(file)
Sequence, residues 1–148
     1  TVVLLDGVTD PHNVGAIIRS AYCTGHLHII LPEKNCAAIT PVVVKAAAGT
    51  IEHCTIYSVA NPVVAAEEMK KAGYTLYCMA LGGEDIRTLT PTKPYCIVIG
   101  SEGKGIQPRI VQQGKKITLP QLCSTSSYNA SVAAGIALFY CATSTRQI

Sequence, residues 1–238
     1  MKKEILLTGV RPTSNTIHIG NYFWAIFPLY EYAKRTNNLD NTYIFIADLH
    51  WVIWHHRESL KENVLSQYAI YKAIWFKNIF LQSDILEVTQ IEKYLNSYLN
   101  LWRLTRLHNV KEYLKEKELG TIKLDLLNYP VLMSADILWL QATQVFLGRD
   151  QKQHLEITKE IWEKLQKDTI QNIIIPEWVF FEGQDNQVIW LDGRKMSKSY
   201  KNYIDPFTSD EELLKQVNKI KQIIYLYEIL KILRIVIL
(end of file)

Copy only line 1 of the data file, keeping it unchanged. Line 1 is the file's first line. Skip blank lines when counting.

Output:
Sequence, residues 1–148